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  • 13 terms

    Term:

    1) What is a channel rhodopsin and from which organism did it come from?

    Definition:

    Answer: Channel rhodopsins are light sensitive rhodopsins used by algae to orient to light.

    • Study Questions for Engineering a Fear Memory
    • 13 terms
    • Vocabulary for Study Questions for Engineering a Fear Memory. Find, create, and access Neuroscience, Long-term potentiation, NMDA flashcards with Course Hero.
  • 12 terms

    Term:

    synaptic transmission

    Definition:

    how information is conveyed from one neuron to the next

    • Chapter 8 Vocabulary
    • 12 terms
    • Vocabulary for Chapter 8 Vocabulary. Find, create, and access postsynaptic neuron, flashcards with Course Hero.
  • 12 terms

    Term:

    1) What is an excitatory postsynaptic potential (EPSP)?

    Definition:

    Answer- The depolarization of the postsynaptic cell in response to the release of transmitter a the presynaptic neuron at a synaptic site. It is called excitatory because the depolarization of the membrane tends to drive the membrane potential closer or even to threshold for an action potential.

    • Chapter 8 Study Questions
    • 12 terms
    • Vocabulary for Chapter 8 Study Questions. Find, create, and access EPSP, positive charges, excitatory input, flashcards with Course Hero.
  • 16 terms

    Term:

    1) What is required to open AMPA receptors and allow the influx of positive charges and thus membrane depolarization?

    Definition:

    Answer- AMPA receptors open when they bind glutamate.

    • Chapter 13 Study Questions
    • 16 terms
    • Vocabulary for Chapter 13 Study Questions. Find, create, and access Enzyme, Chemical synapse, Long-term potentiation, flashcards with Course Hero.
  • 12 terms

    Term:

    1) What are the three criteria for establishing that a chemical is a neurotransmitter?

    Definition:

    Answer- 1) nerve stimulation must cause the release of the substance and the release must be shown to come from the nerve. 2) the effects of nerve stimulation are mimicked by applying the suspected transmitter directly to the postsynaptic cell; 3) nerve-evoked and extrinsic application responses must display the same pharmacology, i.e. response to various drugs.

    • Chapter 11-12 Questions
    • 12 terms
    • Vocabulary for Chapter 11-12 Questions. Find, create, and access Neuroscience, Otto Loewi, ACh receptors, muscarinic ACh receptors, flashcards with Course Hero.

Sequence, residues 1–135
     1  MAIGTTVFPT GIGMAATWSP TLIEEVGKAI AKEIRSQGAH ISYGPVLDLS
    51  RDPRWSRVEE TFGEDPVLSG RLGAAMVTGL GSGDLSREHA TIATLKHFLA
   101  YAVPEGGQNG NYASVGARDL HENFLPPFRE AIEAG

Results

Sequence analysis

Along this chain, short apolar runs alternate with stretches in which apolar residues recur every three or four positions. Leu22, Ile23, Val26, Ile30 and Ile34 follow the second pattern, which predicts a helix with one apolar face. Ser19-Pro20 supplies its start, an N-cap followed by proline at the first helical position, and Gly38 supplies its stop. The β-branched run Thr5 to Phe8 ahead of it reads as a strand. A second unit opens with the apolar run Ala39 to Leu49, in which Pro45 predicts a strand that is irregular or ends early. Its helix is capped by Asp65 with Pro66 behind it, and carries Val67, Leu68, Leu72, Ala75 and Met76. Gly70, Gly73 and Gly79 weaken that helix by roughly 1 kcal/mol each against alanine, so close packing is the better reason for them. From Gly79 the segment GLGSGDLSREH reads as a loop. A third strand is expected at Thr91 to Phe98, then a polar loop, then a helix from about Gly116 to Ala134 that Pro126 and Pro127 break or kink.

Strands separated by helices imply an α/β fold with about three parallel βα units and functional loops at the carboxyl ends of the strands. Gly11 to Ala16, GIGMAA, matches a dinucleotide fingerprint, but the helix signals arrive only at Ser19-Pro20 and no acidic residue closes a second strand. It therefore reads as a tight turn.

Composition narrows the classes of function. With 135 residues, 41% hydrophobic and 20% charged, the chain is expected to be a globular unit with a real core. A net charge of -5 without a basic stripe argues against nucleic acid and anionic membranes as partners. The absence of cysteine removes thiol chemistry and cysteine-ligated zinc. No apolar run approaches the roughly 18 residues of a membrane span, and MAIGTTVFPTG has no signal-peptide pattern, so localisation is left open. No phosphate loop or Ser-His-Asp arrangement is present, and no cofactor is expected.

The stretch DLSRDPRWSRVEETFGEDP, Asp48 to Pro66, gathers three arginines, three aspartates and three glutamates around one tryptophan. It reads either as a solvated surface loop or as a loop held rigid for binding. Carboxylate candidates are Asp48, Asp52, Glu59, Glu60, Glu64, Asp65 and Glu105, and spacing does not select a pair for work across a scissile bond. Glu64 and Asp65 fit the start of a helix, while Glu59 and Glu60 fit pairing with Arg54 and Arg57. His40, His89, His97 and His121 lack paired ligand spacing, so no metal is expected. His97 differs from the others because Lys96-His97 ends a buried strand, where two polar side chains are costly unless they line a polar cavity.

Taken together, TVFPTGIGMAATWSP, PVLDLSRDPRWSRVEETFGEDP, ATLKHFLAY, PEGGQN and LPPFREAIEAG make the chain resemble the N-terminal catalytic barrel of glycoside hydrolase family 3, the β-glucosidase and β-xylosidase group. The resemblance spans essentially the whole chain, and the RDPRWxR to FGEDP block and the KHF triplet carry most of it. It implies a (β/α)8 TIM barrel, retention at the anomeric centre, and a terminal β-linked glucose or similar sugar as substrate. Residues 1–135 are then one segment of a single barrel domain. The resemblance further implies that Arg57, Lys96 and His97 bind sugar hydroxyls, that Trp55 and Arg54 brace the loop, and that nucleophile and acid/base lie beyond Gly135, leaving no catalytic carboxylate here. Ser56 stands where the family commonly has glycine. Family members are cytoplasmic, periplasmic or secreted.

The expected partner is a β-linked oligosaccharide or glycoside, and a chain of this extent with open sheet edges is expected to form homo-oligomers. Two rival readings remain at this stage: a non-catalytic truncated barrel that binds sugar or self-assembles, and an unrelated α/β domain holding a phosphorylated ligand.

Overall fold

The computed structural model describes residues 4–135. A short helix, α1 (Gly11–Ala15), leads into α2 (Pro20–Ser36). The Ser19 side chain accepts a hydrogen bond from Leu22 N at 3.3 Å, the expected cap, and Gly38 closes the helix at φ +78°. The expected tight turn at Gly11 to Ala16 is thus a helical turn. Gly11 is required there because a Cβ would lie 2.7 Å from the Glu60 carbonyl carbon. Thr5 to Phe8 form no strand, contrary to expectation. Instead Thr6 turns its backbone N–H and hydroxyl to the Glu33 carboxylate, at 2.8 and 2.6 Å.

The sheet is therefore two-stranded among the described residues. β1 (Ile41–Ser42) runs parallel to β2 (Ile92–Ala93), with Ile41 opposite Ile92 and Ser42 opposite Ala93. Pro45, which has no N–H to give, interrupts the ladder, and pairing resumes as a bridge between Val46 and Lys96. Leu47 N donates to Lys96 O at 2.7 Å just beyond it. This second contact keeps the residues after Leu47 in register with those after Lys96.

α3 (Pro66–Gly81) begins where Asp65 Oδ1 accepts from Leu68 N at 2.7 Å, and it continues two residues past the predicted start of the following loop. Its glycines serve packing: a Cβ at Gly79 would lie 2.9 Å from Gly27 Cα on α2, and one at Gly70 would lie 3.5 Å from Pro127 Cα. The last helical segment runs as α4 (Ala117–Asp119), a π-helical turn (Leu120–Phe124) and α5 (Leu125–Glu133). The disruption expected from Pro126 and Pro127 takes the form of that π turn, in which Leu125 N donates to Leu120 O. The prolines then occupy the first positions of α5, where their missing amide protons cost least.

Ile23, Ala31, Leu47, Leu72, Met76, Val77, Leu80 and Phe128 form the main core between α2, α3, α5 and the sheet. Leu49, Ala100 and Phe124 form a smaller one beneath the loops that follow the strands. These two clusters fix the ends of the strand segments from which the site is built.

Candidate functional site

• 12 terms

    Term:

    1) Explain how metabotropic receptors work.

    Definition:

    Answer- Metabotropic receptors do NOT have an ion pore but rather are coupled to a G-protein. That protein has three subunits, an alpha, a beta and a gamma subunit. The beta-gamma subunits operate jointly as a dimmer. The protein is normally is coupled to a molecule of guanosine diphosphate (GDP). When transmitter binds to the receptor, the receptor dislodges the GDP and take on a molecule of guanosine triphosphate (GTP). The GTP activates the protein causing the alpha subunit to dissociate from the beta-gamma unit. The dissociated units of the protein then exert effects downstream from the receptor.

    • Chapter 14 Questions
    • 12 terms
    • Vocabulary for Chapter 14 Questions. Find, create, and access Neuroscience, CBI, Gill, Aplysia, Hyperpolarize, flashcards with Course Hero.
  • 10 terms

    Term:

     

    Definition:

    Answer- The mepp is the response recorded at the endplate when the axon of the motor neuron is NOT stimulated. It is the unit response due to the spontaneous. release of a packet or quantum of transmitter. An electrode in the endplate will record mepps of various amplitudes, but the variations are very small and deviate only slightly from the mean amplitude, which is 0.4 mV. The different amplitudes are due to the spontaneous release of transmitter from different boutons on the axon terminal, where some are slightly closer to the electrode, giving a larger response, while others are slightly farther from the electrode, giving a slightly smaller response. It is just random variation around a mean value.

    • Chapter 10 Study Question
    • 10 terms
    • Vocabulary for Chapter 10 Study Question. Find, create, and access Neuroscience, Transmitter, Botox, snares, Synaptotagmin, flashcards with Course Hero.
  • 8 terms

    Term:

    1) List two major differences between a voltage-gated ion channel and a ligand-gated ion channel.

    Definition:

    Answer- Obviously, voltage gated ion channels are opened by the charge on the inside of the neuron while ligand gated channels are opened by a chemical neurotransmitter. In addition, voltage gated channels, at least the type we have discussed in class so far, are located all along the axon or, in the case of voltage gated Ca++ channels at the axon terminal, while ligand gated channels are located in the dendrites and cell body, at the site of the synaptic connection with the presynaptic axon.

    • Chapter 9 Study Questions
    • 8 terms
    • Vocabulary for Chapter 9 Study Questions. Find, create, and access reversal potential, flashcards with Course Hero.

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